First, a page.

The band reconvened in 1986 to record a sort of soundtrack for David Byrne's directorial debut, True Stories. I say "sort of", since the album mostly consisted of the Heads covering versions of songs from the film, but in the movie they were actually performed by the actors. Only three songs from the soundtrack were performed by the band in the movie - "City of Dreams", the album's big hit, "Wild Wild Life" and the opener, "Love For Sale".
A recitation of commercial catchphrases set to a driving beat, "Love For Sale" was also the album's second single, showcasing a more rocking Heads than we'd heard in quite a few years. The song is built around a stinging guitar hook, not exactly what the group was best known for, which may be way it fared so poorly. Also, the commercial taglines as romantic come-on may seem clever at first until one asks, what exactly is Byrne's point? Is it an indictment of commercial culture? No, he never gets there. Is it just a random idea that is funny at first but doesn't hold up under closer scrutiny, like the last five seasons of Friends? Probably. To be fair, the song works in the context of the movie, as it's immediately followed by a commercial where John Goodman's character advertises for a wife.
The video is a hoot, though, successfully marrying clips from real commercials with footage of the band inserted. As far as the movie goes, the promo was featured in a sequence where Swoozie Kurtz's bed-bound TV addict watches it while flipping aimlessly through channels as an automated machine feeds her.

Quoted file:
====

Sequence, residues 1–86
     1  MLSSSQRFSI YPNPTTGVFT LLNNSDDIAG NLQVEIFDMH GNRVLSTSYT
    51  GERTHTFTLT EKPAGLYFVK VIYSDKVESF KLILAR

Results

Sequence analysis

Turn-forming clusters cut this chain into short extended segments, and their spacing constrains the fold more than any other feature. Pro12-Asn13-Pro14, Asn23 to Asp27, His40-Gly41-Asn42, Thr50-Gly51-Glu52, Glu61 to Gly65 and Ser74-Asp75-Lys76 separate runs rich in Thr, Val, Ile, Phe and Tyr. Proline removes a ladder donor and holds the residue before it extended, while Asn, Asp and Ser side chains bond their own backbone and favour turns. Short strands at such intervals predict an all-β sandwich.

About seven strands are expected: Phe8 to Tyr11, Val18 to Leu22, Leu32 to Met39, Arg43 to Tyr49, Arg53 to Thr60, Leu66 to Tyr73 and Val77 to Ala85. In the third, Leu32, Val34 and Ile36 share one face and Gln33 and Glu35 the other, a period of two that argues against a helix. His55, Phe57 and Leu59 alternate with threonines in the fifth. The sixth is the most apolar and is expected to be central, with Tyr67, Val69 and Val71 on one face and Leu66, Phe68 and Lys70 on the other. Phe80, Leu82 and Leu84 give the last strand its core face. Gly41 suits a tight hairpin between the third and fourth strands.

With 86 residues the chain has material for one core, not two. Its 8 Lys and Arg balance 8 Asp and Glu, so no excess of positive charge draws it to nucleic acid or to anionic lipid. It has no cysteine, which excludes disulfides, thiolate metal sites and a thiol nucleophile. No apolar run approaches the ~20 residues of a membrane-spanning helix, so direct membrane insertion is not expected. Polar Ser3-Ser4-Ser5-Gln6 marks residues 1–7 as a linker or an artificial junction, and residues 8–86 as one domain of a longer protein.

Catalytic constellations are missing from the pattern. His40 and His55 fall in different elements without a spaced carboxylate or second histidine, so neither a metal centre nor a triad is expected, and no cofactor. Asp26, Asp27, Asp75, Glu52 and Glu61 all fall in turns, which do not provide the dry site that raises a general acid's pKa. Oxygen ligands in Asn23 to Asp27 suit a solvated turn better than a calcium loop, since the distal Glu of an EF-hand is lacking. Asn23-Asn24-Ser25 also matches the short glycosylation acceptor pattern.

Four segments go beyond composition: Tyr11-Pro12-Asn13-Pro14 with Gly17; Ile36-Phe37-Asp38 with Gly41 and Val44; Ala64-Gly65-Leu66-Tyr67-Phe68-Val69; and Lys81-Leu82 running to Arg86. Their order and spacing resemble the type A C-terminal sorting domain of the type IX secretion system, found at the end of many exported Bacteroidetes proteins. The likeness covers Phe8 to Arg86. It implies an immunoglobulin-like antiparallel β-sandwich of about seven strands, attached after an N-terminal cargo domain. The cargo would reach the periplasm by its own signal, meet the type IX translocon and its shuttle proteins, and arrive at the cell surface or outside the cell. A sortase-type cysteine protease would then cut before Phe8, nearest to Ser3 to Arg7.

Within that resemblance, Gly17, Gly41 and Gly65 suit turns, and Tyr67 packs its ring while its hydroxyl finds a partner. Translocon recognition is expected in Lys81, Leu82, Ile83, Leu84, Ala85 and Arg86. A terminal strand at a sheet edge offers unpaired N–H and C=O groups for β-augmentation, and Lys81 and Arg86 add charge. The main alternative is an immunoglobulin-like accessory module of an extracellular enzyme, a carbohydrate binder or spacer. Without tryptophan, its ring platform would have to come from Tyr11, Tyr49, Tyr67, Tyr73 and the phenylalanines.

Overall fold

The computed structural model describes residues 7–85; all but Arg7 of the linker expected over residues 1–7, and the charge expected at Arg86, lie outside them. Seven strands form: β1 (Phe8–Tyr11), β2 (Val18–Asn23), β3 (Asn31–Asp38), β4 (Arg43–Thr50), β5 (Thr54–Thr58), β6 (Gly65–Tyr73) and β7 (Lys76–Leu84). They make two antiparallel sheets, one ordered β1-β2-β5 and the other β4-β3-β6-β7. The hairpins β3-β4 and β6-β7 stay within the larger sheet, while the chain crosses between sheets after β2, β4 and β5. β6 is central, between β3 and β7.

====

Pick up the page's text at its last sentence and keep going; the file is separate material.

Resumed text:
While True Stories the film is a little too Big City Art Types Look At the Country Bumpkins For Amusement, the "Love For Sale" sequence is worth seeing just to hear the Edith Massey-like non-sequiturs Kurtz's character mutters as she watches the video, such as "kissin' cookie!" and my favorite as the band is drenched in melted chocolate, "...LOVE chocolate!"
25 years ago, no one expected a little side project from the bassist and drummer of art-rock/New Wave combo Talking Heads to be much of a hit, much less become a touchstone in dance music, or be sampled over and over. But that's exactly what happened to Chris Frantz and Tina Weymouth's debut Tom Tom Club album and its immortal party single, "Genius of Love". It may seem strange now but keep in mind, when the first Tom Tom Club album was released in 1982 Talking Heads had one minor mainstream hit under their belts and were still considered avant garde. Tom Tom Club's success was significant since they topped the dance charts, crossed over to Top 40 and watched their disc go gold. A year later, the Heads would release Speaking In Tongues, go platinum and lose the cult band tag - I think the mainstream success Tom Tom Club enjoyed had a lot to do with that.